1110-PlatEstimation of Cellular Forces during Migration through Non-Linear andNon-Affine Collagen NetworksJulian Steinwachs1, Claus Metzner1, Nadine Lang1, Stefan Munster2,Ben Fabry1.1University Erlangen Nuremberg, Erlangen, Germany, 2Harvard University,Cambridge, MA, USA.Reconstituted collagen gels are a widely used environment to study cell migra-tion in three dimensions. Collagen gels show strain stiffening and a strong lat-eral contraction during extension (Poisson ratio > 0.5). This behavior is notexplained by linear elastic theory. To make quantitative estimates about the cel-lular forces and local mechanical properties of the matrix that the migrating cellencounters, a constitutive model of the gel is needed. On a microscopic scale,collagen gels consist of a network of mechanically coupled collagen fibrils thatshow buckling under compression and tautening and alignment under exten-sion. These effects give rise to non-affine behavior of the network, which is vir-tually impossible to model or simulate numerically on a larger scale. Instead,we take advantage of the fact that the effects of a non-affine deformation iswell captured by an affine network with non-linear elements. We extract thenonlinear force-length relationship of the network elements from two typesof rheological measurements. First, we stretch and compress a collagen gelin the horizontal direction and measure its vertical contraction and dilation.From this we extract the asymmetry of the force-length relationship betweenextension and compression. Second, we shear a collagen gel in a cone plate rhe-ometer. From this we extract the force-length relationship under extension.Finally, with a finite element analysis we compute the deformation field ofof approachof the cells than a single line groove. Themechanismof thismotility-based filtering is supposed to be primarily explained based on the lamellar drag-system which enables to feed and visualize spheroids in the same time that weapply a known pressure. We compare the results to numerical and analyticmodels developed to describe the role of mechanics in cancer progression.Fabien Montel, Morgan Delarue, Jens Elgeti, Laurent Malaquin, MarkusBasan, Thomas Risler,Bernard Cabane, DanijelaVignjevic, Jacques Prost,Giovanni Cappello andJean-Francois Joanny.Stress clamp experimentson multicellular tumorspheroids. Physical Re-view Letters. In press.

    Platform: Membrane Physical Chemistry I

    1114-PlatPeptide Perturbations in Model MembranesRobin L. Samuel, Susan D. Gillmor.George Washington University, Washington, DC, USA.1113-PlatStress Clamp Experiments on MulticellulaFabien Montel1, Morgan Delarue1, Jens ElgGiovanni Cappello1, Jacques Prost2, Jean-Fr1Institut Curie, Paris, France, 2ESPCI, Paris,Cancer progress is a multistep process. In conthe precise role of the micro-environment astill poorly understood.In this work, we present two different approachanical stress on tissue growth and death. Tto deform a dialysis bag and exert a knownspheroid. Our results indicate the ability to mon the applied pressure. Moreover, we demhave a different response to stress whetherthe periphery of the spheroid. The second setudisturbed flow exhibited lower traction forces (F). Similarly, the size of celladherens junctions increased after laminar flow and decreased after disturbedflow.Decreasing cytoskeletal tensionwithY-27632 decreased the size of adherensjunctions (D), while increasing tension through Calyculin-A increased their size(E).Anovel approach tomeasure intercellularforces between cells in the monolayers wasdeveloped (G) and these forces were foundto be significantly higher for laminar flowthan for static or disturbed conditions (H)with adherens junction size reflecting thesetension changes. These results indicate thatlaminar flow can increase cytoskeletaltension while disturbed flow decreases cyto-skeletal tension. The corresponding changein cytoskeletal tension under shear can pro-duce intercellular forces that can potentiallyaffect the assembly of adherens junction.Forces, and Adherens JuncLucas H. Ting, Jessica R. JUniversity of Washington, SEndothelial cells react to sheamodify the cytoskeleton andpatterned as monolayers onwere applied to investigateforces, and adherens junctiontraction forces compared to stging effect by the preferential lamellar protrusion into the grooves due to theme-chanical restriction provided by the actin cytoskeleton. If the lamellar draggingeffect is sufficiently high, the cells are absorbed by the grooved surface. In con-trast, if the dragging effect is not enough to draw the cell body into the grooves,the cells are repelled by the grooved surface. This study provides a framework totailor themicrogrooved surface control of cell migration by usingmicrogrooves.We investigate peptide interactions with model membranes and how theyaffect phase dynamics and mobility. Previously, we have studied lipid phase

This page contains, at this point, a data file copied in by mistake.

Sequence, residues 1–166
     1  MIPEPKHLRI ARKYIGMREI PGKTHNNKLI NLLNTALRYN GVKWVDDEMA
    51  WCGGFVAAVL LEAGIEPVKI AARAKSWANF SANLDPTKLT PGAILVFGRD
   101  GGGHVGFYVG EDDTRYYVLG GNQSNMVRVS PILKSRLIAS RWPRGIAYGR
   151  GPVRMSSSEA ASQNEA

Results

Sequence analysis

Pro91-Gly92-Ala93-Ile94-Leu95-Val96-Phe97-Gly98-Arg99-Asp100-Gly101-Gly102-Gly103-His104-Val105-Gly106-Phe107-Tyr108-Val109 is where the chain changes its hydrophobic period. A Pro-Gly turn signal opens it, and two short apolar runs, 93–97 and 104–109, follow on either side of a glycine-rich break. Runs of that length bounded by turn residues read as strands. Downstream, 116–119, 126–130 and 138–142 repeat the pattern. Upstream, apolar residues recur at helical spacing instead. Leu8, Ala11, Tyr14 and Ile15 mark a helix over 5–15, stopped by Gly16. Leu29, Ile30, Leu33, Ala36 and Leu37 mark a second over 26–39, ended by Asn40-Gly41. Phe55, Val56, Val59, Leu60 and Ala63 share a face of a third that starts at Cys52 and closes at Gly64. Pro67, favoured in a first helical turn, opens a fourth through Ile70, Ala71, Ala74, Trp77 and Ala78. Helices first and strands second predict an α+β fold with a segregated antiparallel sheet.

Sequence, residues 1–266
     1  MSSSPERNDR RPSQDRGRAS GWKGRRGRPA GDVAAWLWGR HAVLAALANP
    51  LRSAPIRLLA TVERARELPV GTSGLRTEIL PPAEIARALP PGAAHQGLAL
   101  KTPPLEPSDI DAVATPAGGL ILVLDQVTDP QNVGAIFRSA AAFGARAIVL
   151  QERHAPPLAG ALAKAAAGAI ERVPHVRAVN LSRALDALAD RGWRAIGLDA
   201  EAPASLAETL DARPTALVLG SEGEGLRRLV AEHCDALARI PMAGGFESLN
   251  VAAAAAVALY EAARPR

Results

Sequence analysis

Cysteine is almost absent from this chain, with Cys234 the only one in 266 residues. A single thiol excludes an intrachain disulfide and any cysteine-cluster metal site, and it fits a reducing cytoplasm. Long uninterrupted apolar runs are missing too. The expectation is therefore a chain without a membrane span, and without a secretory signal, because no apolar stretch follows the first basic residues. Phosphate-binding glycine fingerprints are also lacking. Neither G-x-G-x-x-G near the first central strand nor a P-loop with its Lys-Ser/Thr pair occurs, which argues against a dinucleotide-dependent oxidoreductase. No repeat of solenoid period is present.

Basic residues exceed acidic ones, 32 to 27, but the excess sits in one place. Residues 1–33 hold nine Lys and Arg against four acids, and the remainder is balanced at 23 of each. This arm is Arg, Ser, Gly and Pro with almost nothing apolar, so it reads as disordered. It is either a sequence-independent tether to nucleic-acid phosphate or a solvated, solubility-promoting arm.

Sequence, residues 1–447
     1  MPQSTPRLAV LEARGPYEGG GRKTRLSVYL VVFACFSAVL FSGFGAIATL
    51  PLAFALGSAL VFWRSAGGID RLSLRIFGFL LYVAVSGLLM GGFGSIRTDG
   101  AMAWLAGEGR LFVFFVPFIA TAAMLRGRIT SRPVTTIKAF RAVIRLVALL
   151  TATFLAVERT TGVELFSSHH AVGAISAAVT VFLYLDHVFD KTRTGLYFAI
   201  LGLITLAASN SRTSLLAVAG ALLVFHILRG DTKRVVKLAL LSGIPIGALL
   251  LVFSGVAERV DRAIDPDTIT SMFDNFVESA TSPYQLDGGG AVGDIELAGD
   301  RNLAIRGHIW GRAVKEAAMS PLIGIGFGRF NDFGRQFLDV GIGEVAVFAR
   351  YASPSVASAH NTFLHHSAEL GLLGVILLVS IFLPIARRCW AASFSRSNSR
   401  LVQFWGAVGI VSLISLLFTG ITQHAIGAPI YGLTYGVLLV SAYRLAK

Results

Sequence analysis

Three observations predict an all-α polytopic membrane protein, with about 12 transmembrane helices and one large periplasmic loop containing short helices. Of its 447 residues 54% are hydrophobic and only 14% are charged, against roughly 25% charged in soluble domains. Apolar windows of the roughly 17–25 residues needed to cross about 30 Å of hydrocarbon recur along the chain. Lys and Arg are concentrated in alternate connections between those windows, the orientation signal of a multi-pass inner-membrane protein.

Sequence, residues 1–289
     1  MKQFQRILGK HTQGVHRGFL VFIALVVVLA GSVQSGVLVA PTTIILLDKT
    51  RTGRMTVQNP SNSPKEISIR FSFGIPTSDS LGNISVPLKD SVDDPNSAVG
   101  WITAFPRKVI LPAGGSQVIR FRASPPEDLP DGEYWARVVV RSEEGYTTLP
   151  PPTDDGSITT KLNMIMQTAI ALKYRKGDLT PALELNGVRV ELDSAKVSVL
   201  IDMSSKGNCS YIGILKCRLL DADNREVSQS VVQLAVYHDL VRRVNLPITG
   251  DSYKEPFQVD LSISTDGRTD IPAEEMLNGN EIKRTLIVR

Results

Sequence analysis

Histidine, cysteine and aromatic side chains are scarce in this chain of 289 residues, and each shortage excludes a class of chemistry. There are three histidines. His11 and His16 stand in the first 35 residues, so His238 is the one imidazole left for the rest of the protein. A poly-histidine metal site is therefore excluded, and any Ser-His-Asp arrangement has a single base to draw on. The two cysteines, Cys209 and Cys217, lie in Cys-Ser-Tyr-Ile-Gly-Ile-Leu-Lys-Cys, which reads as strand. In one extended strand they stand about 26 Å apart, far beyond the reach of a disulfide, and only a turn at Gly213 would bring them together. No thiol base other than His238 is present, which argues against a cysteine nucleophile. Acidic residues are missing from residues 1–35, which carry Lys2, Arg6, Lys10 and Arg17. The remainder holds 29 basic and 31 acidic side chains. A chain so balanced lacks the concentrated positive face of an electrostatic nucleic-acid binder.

Estimation of Cellular Forces during Migration through Non-Linear and Non-Affine Collagen NetworksRole of Actin Cytoskeletal Structure for Cell Migration on Micro-Structured SurfacesFlow Mechanotransduction Regulates Traction Forces, Intercellular Forces, and Adherens JunctionsStress Clamp Experiments on Multicellular Tumor SpheroidsPeptide Perturbations in Model Membranes